The last set of readings were speculative writing that are some of the most important writings for the ‘prehistory’ of the World Wide Web. Why? Well, prior to the Web we have hypertext (for example I was writing using hypertext software before the World Wide Web was created). One of the very interesting (and unusual) things about hypertext is that there has always been a very strong interdisciplinary cross over between the computer scientists who write the hypertext software, and humanities scholars who used it – and in many cases these were the same people (the programmers were also humanities scholars). So hypertext has an unusual mix of computer science and humanities theory. This means the thinking about hypertext was speculative, which became real things, that were in turn informed by recent theories in philosophy and critical studies, an exciting mix. As a result these programmers knew Ted Nelson’s work, and Bush’s idea of the ‘memex’, and so wanted to build tools that helped develop our ability to think, argue, make.
Hypertext then became a sort of intellectual techno–computer vanguard of radical thinking. Finally, Tim Berners–Lee, who wrote the first Web protocols (so the first version of HTML and HTTP), was familiar with this work too. And so the Web, when it was born, was not just a technical specification about sharing documents but had built deep in its very DNA a culture of making, sharing, distributed knowledge, and acentred knowledge creation. Not because Berners-Lee was a scientist who worked at a particle physics laboratory, but because the work he read about hypertext also had, in it, this humanist inspired centre.
So, this work on hypertext, which originally appeared before the Web, are the children of Bush and Nelson (last week’s reading), and deeply informed the humanities side of the World Wide Web when it was first written. This part of the Web’s history is important as it is Nelson’s deep vision that has ensured that the Web is technically open (it is what we call a stateless protocol) and so has made it so very effective in being adopted, used, and then changing so many things so dramatically.
Hypertext, the First Blush
Landow, George. Hypertext 3.0: Critical Theory and New Media in an Era of Globalization. Baltimore: The Johns Hopkins University Press, 2006. Print. (extracts, PDF)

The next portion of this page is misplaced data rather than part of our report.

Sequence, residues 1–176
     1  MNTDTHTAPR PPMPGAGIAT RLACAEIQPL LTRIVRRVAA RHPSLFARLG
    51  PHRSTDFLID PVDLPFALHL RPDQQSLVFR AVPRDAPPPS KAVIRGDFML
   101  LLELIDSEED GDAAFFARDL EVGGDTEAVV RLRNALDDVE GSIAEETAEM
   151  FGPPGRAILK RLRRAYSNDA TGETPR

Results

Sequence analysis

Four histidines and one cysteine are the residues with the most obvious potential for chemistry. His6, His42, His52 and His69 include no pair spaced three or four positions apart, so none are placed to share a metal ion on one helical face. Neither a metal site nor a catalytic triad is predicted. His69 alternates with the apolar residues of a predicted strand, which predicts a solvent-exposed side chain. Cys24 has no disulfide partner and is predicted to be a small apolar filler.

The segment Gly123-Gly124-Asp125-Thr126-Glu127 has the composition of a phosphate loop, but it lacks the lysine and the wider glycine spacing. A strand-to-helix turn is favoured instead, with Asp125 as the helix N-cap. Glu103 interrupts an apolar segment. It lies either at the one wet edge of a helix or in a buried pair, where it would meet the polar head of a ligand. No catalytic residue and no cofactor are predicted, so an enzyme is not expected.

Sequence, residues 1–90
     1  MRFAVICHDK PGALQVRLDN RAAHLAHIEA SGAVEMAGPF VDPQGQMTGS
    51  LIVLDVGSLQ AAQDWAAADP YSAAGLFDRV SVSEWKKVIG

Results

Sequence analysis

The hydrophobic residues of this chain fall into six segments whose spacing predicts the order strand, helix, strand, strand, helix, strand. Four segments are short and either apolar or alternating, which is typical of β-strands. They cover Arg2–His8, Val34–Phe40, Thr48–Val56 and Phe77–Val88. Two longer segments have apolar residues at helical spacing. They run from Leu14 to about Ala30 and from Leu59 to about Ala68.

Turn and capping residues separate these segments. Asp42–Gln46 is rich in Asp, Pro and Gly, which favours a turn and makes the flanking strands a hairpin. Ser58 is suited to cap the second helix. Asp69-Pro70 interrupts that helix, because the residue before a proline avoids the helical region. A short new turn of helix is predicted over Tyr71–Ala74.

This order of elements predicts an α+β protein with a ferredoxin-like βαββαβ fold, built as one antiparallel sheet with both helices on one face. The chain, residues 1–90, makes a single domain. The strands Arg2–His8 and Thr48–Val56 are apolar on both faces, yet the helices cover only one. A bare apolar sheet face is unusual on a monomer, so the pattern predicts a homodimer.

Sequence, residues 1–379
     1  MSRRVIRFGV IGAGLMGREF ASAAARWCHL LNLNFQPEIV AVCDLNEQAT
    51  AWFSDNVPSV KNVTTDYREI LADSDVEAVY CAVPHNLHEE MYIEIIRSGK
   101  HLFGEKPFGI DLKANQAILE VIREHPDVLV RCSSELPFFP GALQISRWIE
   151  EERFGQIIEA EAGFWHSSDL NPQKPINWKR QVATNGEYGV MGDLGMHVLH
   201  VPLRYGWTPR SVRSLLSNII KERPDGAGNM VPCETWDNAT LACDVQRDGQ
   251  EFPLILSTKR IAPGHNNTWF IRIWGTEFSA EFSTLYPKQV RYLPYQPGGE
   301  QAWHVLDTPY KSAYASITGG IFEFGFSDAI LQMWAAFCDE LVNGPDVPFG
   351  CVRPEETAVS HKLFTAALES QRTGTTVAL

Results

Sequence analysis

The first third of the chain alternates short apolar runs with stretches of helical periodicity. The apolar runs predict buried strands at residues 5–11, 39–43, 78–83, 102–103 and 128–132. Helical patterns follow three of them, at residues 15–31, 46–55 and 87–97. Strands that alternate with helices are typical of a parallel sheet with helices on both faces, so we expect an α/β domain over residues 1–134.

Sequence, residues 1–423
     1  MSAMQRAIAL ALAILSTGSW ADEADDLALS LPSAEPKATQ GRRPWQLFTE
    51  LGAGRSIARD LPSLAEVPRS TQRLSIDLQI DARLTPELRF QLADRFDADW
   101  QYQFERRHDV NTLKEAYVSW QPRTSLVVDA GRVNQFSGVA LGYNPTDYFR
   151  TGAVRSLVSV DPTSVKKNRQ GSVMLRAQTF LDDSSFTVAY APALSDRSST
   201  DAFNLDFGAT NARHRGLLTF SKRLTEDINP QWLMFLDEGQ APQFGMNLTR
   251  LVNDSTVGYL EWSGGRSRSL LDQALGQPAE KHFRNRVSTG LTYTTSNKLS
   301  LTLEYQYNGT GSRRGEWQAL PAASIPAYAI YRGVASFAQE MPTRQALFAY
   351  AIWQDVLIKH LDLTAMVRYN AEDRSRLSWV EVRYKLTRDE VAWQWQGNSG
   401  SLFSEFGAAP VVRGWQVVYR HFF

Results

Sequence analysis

Bolter, Jay David. Writing Space: The Computer, Hypertext, and the History of Writing. Hillsdale (N.J.): Lawrence Erlbaum Associates, 1991. Print. (extract, PDF)
Optional (for variety) though HIGHLY Recommended
This is a very easy read that is an elegant summary of the history of the essay and how it has been, well, butchered, through its tortured entry and standardisation in English curricula. Think of it as a counter (alternative) history of the essay and a way to help give you permission to write differently. In your blogs, niki, and so on.
The original and possibly hypertext fiction was not web based, and we once had copies that could be read via our network, but things have fallen into disrepair on that front for now. So, here’s a couple of selections of hypertextual work:
Geoff Ryman’s early “253”. This is an early web specific hypertext, pretty simple conceit where it is set on a train on London’s Tube. Another early one (1996) from the ‘grandfather’ of hypertext fiction, Michael Joyce, this is web based and called “12 Blue“. And, then, to change track dramatically, a couple of interactive movies that uses the same ideas and principles as hypertext (we make these in second year): Matt Soar’s Ceci N’est Pas Embres, and Nicole Robicheau’s The Border Between Us, only because it is just about a bloody odd story and uses sound more than vision.